Communication Workers Union Broad Left AGM - Consensus or democracy?

Submitted by Anon on 9 January, 2004 - 4:13

By Maria Exall, CWU National Executive, personal capacity

The Communication Workers Broad Left meets for its Annual General Meeting (AGM) on 10 January.

Just before Xmas the union received a letter from BT asking us to not submit a pay claim this year. This really is an indication of how far along the "Company Union" route we have gone. BT plans to continue major job cuts, continue outsourcing to India, and press forward with the performance based pay agenda.
The Engineering Executive, led by the Broad Left (BL), has failed to capitalise on the resistance to the productivity bonus scheme in Customer Service, despite three members ballots rejecting management's proposals. Now a green light is being given to extend performance related pay.

There is no agreement to outsourcing jobs to India, but that is still happening.

And now BT are talking accelerated job cuts and holding back on pay without a whimper from the union. Action on London Weighting has been held back, and opportunities to capitalise on the mood amongst other London workers (not least in Royal Mail!) have been lost.

In the wider telecoms section there has been good news in some areas on new recognition agreements. But we are still proceeding at a snail's pace. The cautious attitude from many at Head Office and a lack of leadership on the ground are delaying much needed expanding of the union into new areas of the communications industry.

The BL has given mixed messages about its approach over the past year. It appears to others as more and more like an electoral machine. Yet CWU members and non BL activists need the leadership of a politically progressive organisation with principles. Electoral pressures will always be there, but without a wider vision we are nothing.

The BL must decide if its axis is with the consensus at Head Office or with a more radical agenda from activists and members. We must all take democracy and accountability more seriously; of Executive members to the BL, of the BL Steering Committee to the membership, and of BL activists to union members at work.

The Rules Revision Conference of the union will take place this summer, before the truncated Annual Conference. Will the CWU remain a top down union run through divide-and-rule? Or become one where the grassroots can unite to force accountability on the leadership? The CWU Left must organise across industrial and constituency divisions so as to effect progressive change on Union organisation and on industrial policies.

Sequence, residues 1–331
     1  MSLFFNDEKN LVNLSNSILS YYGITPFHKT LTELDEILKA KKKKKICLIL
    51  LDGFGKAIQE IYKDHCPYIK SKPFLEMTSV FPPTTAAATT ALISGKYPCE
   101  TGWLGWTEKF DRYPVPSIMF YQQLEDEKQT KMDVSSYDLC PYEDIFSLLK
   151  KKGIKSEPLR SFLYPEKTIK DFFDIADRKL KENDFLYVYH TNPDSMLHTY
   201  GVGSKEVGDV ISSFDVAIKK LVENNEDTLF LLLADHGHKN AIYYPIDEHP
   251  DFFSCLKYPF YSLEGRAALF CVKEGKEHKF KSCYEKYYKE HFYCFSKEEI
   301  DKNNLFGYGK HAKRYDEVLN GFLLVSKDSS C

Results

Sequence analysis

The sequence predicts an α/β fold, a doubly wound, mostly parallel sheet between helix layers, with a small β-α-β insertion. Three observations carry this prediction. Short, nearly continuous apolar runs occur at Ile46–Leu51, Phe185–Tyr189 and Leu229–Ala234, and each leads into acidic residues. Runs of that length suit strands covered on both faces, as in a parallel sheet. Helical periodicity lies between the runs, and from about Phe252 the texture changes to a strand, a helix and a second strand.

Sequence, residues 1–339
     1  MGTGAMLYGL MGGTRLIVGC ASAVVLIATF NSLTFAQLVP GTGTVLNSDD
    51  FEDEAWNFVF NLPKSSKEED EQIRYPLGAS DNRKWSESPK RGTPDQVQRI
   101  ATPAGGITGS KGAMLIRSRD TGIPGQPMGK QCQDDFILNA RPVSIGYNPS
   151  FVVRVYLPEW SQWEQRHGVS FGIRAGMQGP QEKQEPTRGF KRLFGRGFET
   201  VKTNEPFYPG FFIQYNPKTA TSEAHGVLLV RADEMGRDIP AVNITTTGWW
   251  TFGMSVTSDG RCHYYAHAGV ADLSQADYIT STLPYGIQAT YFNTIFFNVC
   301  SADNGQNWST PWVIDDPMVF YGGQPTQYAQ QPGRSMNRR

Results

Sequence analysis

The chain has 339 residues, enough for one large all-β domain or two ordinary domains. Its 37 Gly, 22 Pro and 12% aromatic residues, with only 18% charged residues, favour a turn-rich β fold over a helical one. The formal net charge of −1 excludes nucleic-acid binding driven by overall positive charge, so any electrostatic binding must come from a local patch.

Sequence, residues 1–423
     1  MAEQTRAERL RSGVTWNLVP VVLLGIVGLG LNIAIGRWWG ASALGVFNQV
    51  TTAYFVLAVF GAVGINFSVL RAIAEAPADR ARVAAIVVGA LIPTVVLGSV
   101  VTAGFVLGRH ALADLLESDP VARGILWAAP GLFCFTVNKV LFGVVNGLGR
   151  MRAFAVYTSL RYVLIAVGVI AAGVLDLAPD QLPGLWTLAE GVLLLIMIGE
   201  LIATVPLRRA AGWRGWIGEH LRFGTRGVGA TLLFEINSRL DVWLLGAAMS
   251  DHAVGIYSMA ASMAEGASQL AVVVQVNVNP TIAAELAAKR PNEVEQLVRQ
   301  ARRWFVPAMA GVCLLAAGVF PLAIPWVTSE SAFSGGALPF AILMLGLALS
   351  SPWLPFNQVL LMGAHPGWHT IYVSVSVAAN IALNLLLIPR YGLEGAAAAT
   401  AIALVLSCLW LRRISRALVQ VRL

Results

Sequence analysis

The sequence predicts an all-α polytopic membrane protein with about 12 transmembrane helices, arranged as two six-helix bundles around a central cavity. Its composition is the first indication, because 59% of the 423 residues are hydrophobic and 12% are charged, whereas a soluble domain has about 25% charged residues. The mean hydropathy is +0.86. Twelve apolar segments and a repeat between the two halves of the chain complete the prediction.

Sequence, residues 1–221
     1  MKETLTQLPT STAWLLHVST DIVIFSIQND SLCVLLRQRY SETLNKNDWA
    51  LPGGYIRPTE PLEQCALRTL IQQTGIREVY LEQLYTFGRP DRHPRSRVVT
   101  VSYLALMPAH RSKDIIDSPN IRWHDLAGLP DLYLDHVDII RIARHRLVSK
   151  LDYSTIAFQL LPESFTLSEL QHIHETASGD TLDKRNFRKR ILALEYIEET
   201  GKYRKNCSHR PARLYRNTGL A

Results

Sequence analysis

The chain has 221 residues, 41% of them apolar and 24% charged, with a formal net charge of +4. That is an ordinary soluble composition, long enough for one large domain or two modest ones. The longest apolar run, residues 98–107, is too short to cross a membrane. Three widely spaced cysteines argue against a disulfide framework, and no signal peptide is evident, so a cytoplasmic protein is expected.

At the moment the union is in reality unmerged. The majority of political power within the union is held separately in the two industrial organisations, the Postal and Telecoms Executives. This will be made worse if a federal structure with a slimmed down central NEC is agreed at Rules Revision. There will be less accountability of Officers to lay executive members and a real separation of the industrial from the political.

On both of the Industrial Executives, the lead negotiators control the policy and strategy in their respective areas, with little resistance from lay Executive members. Elections to posts and control of the implementation of policies lie within the power of branches - well, of those that are organised sufficiently. But many branches and their officials are overwhelmingly in support of the current bureaucratic status quo and only think of the future in industrial or geographical terms rather than political orientation.

There are many progressive changes to the union structure that would give more power to the members and activists of the union. Postal and telecom activists should be talking together about these! The BL should be reaching out beyond the current electoral front to encourage discussion and debate on important democratic issues in all parts of the union.

The BL needs to continue its tradition of arguing for political trade unionism. The political orientation of the union is not under the control of pro-Broad Left supporting branches, but by continuing to campaign for socialist ideas we can defeat those who would separate our union from political involvement, or fail to follow through our political policy.

There is a danger of apolitical apathy in the union because of the continuing Blairite dominance of the Labour Party and the failure of the fight against the liberalisation of the Postal Industry. There is also a worrying re-emergence of right-wing forces that have been marginalised in recent years through alliances of career convenience for forthcoming national officer posts. There is a danger that the CWU will be less political in the near future, just when we need to be more so!

Whether it be arguing for Labour representation, against the anti-union laws, for public ownership, or against globalised capitalism, the union faces challenges that cannot be met by organised militancy alone, no matter how important that is.

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